After your career you get inducted into the Reds Hall of Fame. As someone who grew up a Reds fan, what did that mean to you?

Other than my kids being born, that was the greatest moment of my life. I went in with Tom Seaver and Lee May. So, all those Big Red Machine guys I mentioned, I got a red coat like all of them. Got my name embroidered, “Made especially for Tom Browning.” It was an awesome honor. I don’t think you ever think about accolades until you’re done and even then, I don’t think you think much about them. I just enjoyed the success. I was OK with not getting all of the notoriety.

Perfect example, I threw the perfect game on a Friday night. David Hartman from Good Morning America wanted me to be on TV on Monday. I was excited to be on national TV. I had to get there at five o’clock in the morning and I was scheduled for 6:05. They ran a little late and I got on at 6:08 and by 6:08 and 35 seconds, I was done. I spent 45 minutes getting there and an hour waiting for a 35 second interview. That was OK, it’s fun. I miss it and it goes by so fast. I tell people I would do it all over again without any guarantees because it was such a fun ride.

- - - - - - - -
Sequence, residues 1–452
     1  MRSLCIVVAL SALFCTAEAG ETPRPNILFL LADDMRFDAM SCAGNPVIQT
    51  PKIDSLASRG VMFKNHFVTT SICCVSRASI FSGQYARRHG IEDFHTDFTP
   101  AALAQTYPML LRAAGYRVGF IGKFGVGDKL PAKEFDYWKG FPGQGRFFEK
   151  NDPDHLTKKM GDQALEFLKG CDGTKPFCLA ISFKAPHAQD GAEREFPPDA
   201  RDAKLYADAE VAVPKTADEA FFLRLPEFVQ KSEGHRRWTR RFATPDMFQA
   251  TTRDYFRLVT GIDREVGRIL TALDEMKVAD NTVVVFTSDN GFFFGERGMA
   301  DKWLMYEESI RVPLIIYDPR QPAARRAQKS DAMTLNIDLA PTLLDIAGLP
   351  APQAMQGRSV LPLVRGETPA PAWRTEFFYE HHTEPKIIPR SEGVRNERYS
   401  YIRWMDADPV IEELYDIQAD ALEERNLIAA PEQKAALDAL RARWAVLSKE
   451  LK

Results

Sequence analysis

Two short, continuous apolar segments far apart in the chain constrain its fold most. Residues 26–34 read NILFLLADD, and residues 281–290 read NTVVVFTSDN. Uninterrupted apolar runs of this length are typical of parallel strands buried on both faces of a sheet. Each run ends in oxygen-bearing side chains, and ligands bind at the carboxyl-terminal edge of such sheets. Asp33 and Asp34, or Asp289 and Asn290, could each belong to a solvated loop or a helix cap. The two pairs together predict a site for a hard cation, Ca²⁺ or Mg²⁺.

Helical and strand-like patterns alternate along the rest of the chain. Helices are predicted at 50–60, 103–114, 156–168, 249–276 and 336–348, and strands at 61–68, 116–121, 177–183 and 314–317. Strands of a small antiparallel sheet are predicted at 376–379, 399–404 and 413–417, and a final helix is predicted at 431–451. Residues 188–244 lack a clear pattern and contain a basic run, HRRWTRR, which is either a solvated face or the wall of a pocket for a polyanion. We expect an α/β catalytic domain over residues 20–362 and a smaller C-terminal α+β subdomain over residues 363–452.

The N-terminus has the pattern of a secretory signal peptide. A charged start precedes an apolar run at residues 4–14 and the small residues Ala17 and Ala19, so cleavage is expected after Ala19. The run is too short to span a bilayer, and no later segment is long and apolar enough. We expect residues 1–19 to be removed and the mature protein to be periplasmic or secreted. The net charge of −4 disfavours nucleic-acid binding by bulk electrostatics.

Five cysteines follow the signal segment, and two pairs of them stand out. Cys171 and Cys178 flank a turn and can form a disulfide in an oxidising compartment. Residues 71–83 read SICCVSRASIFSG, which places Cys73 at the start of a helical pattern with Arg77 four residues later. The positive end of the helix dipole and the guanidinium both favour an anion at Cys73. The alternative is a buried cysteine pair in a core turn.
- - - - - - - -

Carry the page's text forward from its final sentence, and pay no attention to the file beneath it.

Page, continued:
It absolutely sounds like it was. I thank you for joining us for this week’s Spitballin’, that 90s Reds team was one of the most memorable World Series winners of my youth watching the game. Congrats on the 30 year anniversary. As we leave, is there anything you’d like to say to the BallNine fans?

I enjoy the game to this day, and I try to watch as many Reds games as I can. The game has changed a little bit and I think the money has a lot to do with that. It has changed the outlook. Now you have all these ways to analyze everything in the game of baseball. Really though, if you want to know how your pitchers are doing, the hitters will let them know.